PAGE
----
- Researchers develop the first AI named Pluribus that can defeat human experts in a multiplayer game.
- Although it is specifically designed for the most popular poker format, it can defeat humans in other multiplayer games.
- The AI can be used in other fields, including cybersecurity, fraud preventions, pricing products, and routing self-driving vehicles.
In the recent decade, there have been great strides in artificial intelligence (AI). Games like Go and Chess have become a standard way to evaluate the progress in AI.
So far, almost all AI models have conquered two-player games in which opponents’ moves are clearly visible. The most popular forms of poker, on the other hand, involve multiple players and combine gambling, strategy, and skill.
Now, researchers at Facebook and Carnegie Mellon University have developed an AI bot that can outwit a whole table of poker professionals using strategic settings. This is the first AI bot — named Pluribus — to out-bluff and out-bet human experts in a six-player game, no-limit Hold’em, the most popular format of poker.
Pluribus played 5,000 hands against poker experts (including two winners of the World Series) and won decisively. The AI was able to adopt impressive strategies (such as donk betting) and bluff like a seasoned pro.
In fact, it was so successful the developers have decided not to publish its code for fear it could wreck the online poker industry. The algorithm was so strong human experts could not find anything to exploit.
This is the first time AI has defeated top professionals in any benchmark game that has two or more players. The team has been working on this project for years. In 2017, they came up with a bot capable of playing one-on-one poker. Pluribus is a much more complex version of that bot.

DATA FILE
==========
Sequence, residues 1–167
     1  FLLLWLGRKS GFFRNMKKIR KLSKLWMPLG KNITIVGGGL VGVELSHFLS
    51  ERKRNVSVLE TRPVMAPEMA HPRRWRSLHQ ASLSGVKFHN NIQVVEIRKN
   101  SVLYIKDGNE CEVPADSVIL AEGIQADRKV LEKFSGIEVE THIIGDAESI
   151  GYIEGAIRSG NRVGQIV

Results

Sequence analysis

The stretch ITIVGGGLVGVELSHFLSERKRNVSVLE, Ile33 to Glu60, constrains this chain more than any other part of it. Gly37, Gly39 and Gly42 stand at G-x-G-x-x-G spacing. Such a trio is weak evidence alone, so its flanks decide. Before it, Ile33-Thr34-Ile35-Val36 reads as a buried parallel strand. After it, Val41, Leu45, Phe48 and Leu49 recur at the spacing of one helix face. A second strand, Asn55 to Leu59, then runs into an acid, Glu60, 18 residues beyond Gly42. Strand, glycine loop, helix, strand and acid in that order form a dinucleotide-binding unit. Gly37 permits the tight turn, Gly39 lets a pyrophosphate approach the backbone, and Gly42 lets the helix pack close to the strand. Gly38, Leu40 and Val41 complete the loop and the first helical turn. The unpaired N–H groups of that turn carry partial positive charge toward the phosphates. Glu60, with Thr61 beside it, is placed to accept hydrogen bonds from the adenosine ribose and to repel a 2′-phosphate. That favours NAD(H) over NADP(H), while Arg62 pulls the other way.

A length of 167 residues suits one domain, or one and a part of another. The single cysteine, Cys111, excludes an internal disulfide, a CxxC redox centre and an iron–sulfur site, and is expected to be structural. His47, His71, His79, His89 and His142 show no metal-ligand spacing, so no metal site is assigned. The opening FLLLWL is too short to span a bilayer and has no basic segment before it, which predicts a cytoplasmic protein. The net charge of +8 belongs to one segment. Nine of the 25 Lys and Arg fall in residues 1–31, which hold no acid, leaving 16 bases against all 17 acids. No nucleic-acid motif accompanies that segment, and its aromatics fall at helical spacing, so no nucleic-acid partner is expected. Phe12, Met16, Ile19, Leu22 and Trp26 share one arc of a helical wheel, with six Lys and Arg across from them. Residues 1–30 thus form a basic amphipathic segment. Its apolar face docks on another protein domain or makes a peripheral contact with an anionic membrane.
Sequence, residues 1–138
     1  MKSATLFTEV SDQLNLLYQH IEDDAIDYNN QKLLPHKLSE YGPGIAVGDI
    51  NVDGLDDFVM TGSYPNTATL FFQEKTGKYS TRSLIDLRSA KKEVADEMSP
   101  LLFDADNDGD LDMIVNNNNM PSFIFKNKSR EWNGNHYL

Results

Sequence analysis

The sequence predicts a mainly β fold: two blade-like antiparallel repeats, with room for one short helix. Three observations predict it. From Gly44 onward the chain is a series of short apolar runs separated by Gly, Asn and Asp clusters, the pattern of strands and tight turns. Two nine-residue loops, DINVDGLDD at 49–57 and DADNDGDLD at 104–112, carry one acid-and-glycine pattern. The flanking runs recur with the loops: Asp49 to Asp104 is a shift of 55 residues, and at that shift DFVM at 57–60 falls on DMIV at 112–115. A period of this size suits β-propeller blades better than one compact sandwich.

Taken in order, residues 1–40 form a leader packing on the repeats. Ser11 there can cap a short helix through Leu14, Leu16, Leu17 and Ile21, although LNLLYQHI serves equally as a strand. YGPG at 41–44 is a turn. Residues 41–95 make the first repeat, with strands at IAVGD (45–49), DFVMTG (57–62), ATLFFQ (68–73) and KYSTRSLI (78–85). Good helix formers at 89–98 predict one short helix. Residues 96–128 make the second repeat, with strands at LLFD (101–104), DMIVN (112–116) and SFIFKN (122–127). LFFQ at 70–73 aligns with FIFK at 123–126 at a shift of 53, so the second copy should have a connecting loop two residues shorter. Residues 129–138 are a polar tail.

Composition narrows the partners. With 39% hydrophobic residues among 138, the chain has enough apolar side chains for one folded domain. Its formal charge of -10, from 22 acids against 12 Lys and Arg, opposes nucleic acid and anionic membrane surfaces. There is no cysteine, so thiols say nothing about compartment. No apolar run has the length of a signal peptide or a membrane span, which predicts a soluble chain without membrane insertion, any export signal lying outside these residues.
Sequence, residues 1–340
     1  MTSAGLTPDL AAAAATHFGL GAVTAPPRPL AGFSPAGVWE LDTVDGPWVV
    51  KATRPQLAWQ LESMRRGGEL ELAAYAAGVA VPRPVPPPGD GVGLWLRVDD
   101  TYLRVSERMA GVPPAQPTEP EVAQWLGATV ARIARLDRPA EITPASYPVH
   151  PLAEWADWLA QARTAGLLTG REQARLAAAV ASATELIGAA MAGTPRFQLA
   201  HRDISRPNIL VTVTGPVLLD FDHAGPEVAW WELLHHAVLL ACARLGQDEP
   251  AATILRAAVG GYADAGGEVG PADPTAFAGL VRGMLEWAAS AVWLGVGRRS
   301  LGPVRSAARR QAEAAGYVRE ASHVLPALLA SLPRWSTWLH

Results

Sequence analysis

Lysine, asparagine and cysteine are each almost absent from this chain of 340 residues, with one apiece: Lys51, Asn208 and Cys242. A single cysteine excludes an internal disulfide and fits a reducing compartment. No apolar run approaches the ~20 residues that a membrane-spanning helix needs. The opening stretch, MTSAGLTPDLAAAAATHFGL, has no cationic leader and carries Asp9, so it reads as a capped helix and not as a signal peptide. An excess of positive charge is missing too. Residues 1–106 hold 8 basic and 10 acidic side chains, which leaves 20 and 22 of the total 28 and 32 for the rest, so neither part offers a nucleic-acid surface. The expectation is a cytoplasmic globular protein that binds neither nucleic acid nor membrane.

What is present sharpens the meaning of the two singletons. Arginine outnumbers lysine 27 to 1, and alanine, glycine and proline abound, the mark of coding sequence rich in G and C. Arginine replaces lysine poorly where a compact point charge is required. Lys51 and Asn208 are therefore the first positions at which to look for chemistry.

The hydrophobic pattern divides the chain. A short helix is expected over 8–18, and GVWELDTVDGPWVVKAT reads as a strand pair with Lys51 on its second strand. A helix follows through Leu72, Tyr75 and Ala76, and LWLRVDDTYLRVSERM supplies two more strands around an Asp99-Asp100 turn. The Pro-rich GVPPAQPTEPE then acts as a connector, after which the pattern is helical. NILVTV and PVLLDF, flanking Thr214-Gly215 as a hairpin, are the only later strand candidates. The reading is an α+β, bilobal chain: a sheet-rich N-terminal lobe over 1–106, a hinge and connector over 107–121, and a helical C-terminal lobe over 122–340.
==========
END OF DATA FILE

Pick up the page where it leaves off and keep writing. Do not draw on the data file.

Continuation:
Pluribus Is More Than Just Brute Computation
The core of Pluribus’s game-plan is generated via self-play: the algorithm plays against copies of itself and gradually improves as it determines which actions lead to better outcomes.
This kind of self-play approach generates a blueprint strategy for the whole game offline. Then during the actual play against humans, the AI improves upon the strategy in real-time by searching for a strategy for similar situations it finds itself in during the game.
Pluribus’s blueprint strategy gradually improves during training on a 64-core processor
The AI is comprised of new online search algorithms to efficiently calculate its options by searching only a limited set of next-moves instead of all possible moves. It also incorporates faster self-play algorithms for games with hidden information.
Together these algorithms enable Pluribus to be trained on a less powerful computer with fewer resources. To put this into context, it requires about $150 worth of cloud computing resources to train Pluribus, whereas other recent AI breakthrough models require millions of dollars’ worth of computing resources to train.
The algorithms used to conquer poker can be implemented in other areas as well, such as pricing products, trading, and routing self-driving vehicles through busy traffic. These algorithms can also be applied to defeat humans in other multiplayer games and to develop more interesting computer games.